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The Bad Rap of South Asian Engineers: 3 Steps to Fix Cultural Issues with Outsourced Talent


“You have to give Indian engineers exact instructions. They don’t think independently.”

I've heard this countless times from senior engineers in the US who manage teams in India. The complaint is about South Asian engineers being diligent as long as they are provided very detailed instructions on exactly what needs to be done. I grew up in Pakistan, my adulthood has been spent in the US, and I’ve built international teams with a large South Asian presence. It’s surprising to me that it needs to be said in this day and age, but there is no difference in talent among any of the many places my team members have come from.

I can understand some of the sentiment, though. It’s not about talent or innate ability. It’s about differences in culture, or more precisely, the different cultural contexts in which we expect our teams to operate. These cultural differences are fairly well-studied. South Asian cultures tend to have a strong deference to hierarchy, where respect for authority and following directives are deeply ingrained. This is different from the US culture of utmost individualism, personal initiative, and autonomy.

In South Asia, the underlying cultural insight isn’t that South Asian engineers can’t think independently. It’s that in their context, they may not be aware they’re allowed to. It may even have been discouraged as a sign of irreverence for their senior’s authority.

People don’t leave their cultures behind when they join your team. And maybe they shouldn’t. At Flux7, we took our learning from living and working in the US and blended it with our understanding of what it’s like to grow up in South Asia to create a very high-performing team that was better off for its diversity.

So today, I’m sharing the insights that drove our actions and the practical steps you can take to build your own highly effective offshore team.

Building Your Own Cultural Context

There are three components that build the cultural context of an individual in the workplace. The first is a personal culture - their own characteristics, as developed within the crucible of their life, such as their ethnicity, familial ties, and educational background. The second is their national culture, formed by the shared heritage, history, experiences, and values of their country. The third is corporate culture, created by the values, mission, vision and shared beliefs of the organization they are a part of.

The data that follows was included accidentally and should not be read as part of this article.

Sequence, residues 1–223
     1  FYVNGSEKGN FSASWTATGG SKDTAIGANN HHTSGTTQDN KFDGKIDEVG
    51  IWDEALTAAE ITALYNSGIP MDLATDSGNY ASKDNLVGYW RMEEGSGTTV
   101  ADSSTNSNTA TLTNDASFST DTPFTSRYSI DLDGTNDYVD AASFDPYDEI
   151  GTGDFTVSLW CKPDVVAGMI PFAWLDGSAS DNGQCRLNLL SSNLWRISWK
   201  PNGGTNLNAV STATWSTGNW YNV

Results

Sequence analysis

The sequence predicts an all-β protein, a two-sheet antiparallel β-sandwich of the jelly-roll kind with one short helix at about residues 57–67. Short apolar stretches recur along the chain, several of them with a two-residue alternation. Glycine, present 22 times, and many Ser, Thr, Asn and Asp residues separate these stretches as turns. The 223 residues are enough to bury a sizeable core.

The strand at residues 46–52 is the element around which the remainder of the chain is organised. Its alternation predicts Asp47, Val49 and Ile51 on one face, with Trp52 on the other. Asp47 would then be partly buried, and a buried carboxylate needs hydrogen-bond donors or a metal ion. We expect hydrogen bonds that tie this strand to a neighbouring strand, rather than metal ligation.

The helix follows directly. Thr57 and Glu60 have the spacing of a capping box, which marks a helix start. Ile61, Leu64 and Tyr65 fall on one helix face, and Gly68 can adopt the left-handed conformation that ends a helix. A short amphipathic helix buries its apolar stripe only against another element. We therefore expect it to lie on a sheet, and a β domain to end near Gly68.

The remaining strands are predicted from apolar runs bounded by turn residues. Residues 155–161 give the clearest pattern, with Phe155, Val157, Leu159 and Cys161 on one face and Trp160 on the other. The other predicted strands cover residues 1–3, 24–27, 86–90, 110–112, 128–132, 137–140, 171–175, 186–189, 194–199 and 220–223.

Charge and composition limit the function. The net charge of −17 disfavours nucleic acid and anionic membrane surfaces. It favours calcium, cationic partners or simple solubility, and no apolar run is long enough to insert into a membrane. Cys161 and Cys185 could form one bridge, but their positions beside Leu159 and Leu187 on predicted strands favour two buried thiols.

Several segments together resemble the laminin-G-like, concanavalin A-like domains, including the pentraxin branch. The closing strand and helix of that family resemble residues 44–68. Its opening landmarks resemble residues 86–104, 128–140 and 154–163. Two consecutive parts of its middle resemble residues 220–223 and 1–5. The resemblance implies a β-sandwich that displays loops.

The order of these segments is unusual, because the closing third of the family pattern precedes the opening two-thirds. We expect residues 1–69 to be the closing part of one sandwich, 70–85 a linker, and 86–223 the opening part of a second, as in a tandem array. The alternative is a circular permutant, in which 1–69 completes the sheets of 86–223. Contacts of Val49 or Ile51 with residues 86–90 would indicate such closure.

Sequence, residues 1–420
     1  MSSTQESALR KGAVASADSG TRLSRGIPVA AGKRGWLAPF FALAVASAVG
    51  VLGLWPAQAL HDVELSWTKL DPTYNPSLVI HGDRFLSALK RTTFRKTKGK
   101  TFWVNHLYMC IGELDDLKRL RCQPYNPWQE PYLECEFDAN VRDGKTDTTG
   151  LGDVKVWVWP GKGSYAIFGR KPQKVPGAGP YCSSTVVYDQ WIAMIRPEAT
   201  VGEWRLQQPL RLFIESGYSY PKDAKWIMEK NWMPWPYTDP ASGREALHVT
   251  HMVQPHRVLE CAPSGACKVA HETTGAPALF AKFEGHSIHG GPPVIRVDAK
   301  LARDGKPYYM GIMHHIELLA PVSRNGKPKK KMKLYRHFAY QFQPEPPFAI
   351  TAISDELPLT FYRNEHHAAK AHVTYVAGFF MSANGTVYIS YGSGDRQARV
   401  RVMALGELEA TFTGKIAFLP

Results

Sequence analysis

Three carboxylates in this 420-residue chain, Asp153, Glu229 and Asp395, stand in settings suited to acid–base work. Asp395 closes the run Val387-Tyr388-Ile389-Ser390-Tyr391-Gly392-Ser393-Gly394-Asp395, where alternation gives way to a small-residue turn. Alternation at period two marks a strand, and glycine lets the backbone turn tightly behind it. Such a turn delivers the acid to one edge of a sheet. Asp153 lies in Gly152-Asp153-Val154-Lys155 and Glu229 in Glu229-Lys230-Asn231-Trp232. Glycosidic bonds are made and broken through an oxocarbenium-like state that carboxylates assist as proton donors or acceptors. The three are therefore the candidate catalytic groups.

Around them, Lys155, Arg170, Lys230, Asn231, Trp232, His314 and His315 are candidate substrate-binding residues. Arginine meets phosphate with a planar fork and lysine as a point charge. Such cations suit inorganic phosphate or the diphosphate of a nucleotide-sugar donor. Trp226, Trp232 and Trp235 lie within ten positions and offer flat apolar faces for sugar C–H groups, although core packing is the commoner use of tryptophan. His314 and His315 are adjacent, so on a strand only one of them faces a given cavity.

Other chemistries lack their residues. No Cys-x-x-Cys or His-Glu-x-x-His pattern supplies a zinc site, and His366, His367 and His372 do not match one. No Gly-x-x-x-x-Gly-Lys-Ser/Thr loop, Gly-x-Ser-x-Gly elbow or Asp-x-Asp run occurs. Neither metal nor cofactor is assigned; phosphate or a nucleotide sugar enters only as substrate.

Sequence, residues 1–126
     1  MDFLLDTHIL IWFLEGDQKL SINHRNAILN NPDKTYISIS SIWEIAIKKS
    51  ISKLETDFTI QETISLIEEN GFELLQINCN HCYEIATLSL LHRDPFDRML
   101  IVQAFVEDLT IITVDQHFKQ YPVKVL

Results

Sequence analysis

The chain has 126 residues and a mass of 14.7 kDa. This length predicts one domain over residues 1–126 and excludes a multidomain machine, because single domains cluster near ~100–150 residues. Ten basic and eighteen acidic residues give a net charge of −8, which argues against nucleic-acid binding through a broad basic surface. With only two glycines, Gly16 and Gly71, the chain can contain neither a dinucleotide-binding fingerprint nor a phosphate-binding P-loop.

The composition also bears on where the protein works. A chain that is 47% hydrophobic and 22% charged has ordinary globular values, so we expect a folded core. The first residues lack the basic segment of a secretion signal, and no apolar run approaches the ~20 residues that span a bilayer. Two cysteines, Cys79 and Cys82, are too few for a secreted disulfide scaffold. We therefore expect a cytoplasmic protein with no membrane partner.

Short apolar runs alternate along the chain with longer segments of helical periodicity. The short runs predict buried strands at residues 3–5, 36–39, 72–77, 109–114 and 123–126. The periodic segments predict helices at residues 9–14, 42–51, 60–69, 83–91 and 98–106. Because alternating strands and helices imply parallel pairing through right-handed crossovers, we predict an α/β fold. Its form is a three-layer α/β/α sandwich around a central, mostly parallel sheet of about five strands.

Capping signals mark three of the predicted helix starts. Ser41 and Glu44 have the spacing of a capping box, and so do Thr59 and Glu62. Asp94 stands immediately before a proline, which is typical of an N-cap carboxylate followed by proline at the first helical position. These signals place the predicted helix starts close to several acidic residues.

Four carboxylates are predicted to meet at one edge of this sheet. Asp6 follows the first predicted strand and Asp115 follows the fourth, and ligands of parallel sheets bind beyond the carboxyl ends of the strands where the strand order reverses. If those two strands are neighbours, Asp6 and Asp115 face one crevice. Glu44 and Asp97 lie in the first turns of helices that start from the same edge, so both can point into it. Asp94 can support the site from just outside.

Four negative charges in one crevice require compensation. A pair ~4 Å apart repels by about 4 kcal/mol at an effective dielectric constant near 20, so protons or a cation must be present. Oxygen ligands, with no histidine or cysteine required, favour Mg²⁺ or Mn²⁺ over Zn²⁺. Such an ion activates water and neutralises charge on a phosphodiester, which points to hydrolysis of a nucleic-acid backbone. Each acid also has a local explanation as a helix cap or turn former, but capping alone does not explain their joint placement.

You can’t really control the first two, but the third is entirely within your control. As a leader, it is your responsibility to build an organizational context that sets your team up for success. While it may seem like an extra effort, it’s your core role as a leader to enable your teams to be effective and that includes building an environment where they can be the best contributors.

Here’s how to do it.

1. Create Psychological Safety

Create an environment where team members feel safe to express their thoughts and opinions without fear of retribution. Psychological safety encourages independent thinking and innovation, and evidence shows it's one of the most influential indicators of highly effective teams. We've discussed this in more detail in our article on building a dream team through psychological safety.

2. Be Explicit In Your Expectations

Be clear and explicit about your expectations. Let your team members know that they are expected to share their opinions and contribute ideas. Sometimes, you might need to call on individuals directly to encourage participation. This helps break the norm of deference and fosters a culture of initiative.

3. Welcome Accountability Yourself

Remember, as a leader, you are human and prone to mistakes. There will be times when you unintentionally damage the psychological safety or fail to live up to the expectations you’ve set. It’s important to acknowledge these moments and allow your team to hold you accountable. This demonstrates a commitment to the principles you preach and builds trust within the team.

Ultimately, the more consistently this commitment is demonstrated, the stronger the impact on your organizational culture. Remember that it takes time — and reinforcement — for people to genuinely trust in an environment's safety. Accountability is key to earning that trust.

Wrapping Up

When working across cultures, it's imperative that we recognize and overcome our mutual biases to create a new cultural context. While the South Asian example is specific, the principles are not just about this one context. As a leader, you build your organization’s culture. When managing a team from different cultures, you must be deliberate in the shared culture you nurture to bridge the gap. Achieving that mutual understanding is what will truly help you leverage the power of differences.

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